Futures accounts are not insured for such losses for the simple reason that the regulators wisely decreed that customer money and firm money have to be separated, and customer money simply cannot be used for the firm's own trading without customer consent. There was no consent, and there would have had to have been collateral posted or contractual obligations agreed to had there been any consent.
Worse still, the CME Group, owner of many U.S. futures exchanges, was the auditor for MF Global and thereby responsible for making sure customer money was properly segregated and actually in the right accounts every day. One would think that the owner of the exchanges would have a special interest in making sure one of the world's largest futures brokerages--with which the exchanges do business every day in huge volume--is handling customer money properly.
The result of the CME's poor supervision was a huge seize-up in futures trading as a significant portion of the world's largest players in the futures markets found their money frozen, waiting for someone to sort out the mess. Nearly six weeks after the collapse customers are only now getting a portion of their cash back, around two-thirds of it. The rest will have to wait for a claims process, and there is currently no guarantee that the remaining third will be paid back.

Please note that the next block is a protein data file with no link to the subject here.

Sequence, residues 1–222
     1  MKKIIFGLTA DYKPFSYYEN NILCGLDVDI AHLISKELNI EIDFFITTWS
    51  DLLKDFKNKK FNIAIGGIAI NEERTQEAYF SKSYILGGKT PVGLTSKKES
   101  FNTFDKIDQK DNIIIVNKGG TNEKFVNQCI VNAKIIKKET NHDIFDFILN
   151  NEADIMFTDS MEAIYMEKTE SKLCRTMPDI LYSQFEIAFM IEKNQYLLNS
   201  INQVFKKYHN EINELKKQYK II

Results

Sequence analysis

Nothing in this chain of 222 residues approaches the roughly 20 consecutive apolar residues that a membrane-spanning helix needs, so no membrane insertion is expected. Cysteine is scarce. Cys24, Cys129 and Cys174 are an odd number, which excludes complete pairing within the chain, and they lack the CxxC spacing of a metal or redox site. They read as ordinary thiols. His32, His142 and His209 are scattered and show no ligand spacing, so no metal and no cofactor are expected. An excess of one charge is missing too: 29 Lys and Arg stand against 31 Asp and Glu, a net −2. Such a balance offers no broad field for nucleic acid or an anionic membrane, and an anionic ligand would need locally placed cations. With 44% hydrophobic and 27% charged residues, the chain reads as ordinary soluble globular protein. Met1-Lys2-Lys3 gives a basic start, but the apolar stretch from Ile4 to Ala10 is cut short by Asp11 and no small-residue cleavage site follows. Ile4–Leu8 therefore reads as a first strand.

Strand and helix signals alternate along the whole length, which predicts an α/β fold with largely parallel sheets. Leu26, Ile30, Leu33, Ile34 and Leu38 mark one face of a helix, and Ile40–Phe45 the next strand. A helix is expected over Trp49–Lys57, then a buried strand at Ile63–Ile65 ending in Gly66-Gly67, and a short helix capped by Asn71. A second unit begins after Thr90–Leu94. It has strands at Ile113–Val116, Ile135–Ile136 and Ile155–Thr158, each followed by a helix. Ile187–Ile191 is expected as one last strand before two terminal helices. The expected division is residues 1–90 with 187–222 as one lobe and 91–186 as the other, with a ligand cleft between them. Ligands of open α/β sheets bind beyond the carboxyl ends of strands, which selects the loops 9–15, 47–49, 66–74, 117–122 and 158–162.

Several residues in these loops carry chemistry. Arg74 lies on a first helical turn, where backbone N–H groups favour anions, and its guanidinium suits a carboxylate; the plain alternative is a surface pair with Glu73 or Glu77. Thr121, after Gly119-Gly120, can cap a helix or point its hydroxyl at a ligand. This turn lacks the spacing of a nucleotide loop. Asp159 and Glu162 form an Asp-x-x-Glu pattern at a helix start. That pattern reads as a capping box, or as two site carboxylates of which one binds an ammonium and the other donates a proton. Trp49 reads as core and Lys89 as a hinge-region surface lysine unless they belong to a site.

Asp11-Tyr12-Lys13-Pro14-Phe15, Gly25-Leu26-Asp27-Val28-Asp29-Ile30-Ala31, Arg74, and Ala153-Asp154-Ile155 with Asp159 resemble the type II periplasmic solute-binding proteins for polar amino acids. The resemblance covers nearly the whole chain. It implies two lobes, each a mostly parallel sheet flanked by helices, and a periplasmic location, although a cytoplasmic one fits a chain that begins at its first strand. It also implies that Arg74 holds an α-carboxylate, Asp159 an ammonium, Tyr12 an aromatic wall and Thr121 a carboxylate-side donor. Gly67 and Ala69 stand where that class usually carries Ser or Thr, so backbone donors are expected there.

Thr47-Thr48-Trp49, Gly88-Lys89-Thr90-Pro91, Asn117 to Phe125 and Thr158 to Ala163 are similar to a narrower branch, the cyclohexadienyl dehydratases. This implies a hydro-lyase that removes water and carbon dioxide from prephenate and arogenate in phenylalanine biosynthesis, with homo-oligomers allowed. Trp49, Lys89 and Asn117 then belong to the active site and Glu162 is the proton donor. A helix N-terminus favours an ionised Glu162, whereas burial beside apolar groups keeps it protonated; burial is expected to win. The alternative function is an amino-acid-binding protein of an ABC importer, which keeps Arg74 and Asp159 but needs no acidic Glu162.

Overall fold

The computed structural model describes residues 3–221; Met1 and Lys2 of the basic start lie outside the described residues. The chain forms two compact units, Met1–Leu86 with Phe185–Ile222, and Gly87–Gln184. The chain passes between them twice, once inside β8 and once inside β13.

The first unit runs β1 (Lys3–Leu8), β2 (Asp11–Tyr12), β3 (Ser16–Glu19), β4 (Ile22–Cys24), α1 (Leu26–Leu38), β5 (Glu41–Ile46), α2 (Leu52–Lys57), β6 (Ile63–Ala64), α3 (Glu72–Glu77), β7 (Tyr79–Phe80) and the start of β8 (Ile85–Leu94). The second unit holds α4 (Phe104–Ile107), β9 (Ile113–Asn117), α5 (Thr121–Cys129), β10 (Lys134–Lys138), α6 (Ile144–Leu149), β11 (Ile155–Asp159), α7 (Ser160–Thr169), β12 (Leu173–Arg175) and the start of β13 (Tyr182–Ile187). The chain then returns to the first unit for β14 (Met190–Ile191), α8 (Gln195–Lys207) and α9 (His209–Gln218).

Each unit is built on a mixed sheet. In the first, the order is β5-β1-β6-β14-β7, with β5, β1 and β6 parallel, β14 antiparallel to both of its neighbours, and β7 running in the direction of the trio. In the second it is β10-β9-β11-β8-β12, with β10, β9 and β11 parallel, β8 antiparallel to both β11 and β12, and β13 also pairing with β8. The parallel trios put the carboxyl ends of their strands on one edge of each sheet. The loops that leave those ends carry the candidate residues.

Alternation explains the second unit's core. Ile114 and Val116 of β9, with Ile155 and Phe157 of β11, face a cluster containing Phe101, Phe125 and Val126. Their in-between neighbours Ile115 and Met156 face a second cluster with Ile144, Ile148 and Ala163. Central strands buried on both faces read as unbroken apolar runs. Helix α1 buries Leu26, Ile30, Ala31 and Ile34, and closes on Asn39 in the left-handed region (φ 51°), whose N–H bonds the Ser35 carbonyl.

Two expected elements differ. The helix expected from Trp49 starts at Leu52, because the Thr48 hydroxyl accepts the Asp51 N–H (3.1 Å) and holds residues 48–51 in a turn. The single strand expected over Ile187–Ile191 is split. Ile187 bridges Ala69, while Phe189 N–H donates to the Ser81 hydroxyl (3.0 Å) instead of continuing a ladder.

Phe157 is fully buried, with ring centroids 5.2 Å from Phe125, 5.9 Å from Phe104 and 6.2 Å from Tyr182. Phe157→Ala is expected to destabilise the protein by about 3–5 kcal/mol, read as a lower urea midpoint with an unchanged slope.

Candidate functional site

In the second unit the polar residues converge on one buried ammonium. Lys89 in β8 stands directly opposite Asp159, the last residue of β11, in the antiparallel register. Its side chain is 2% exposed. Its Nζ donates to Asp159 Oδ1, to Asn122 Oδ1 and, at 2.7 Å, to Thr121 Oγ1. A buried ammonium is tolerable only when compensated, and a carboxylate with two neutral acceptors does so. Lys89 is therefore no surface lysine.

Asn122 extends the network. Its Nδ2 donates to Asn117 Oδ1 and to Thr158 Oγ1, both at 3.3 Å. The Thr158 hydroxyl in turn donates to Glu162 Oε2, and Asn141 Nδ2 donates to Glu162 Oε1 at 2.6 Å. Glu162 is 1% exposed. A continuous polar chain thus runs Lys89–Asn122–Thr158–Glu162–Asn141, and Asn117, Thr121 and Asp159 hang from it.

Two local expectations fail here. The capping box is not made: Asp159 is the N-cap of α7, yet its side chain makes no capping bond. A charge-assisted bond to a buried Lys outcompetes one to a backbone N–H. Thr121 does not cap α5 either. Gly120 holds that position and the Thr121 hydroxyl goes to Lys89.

Now, if you are a futures trader and especially if you trade on behalf of clients, would you want to continue to trust the current U.S. regulatory system to safeguard your money? Why not go to say, Canada, where regulators appear to take their jobs more seriously and trade there? After all, Canadian customers of MF Global didn't lose a penny.
That's what the domestic futures exchanges and brokerage firms are facing. A gradual and perhaps persistent loss of business to someplace where traders feel assured about the safety of their funds. And, many small traders are simply giving up trading futures at all, believing the regulatory authorities are incompetent and the brokerages too crooked to deal with.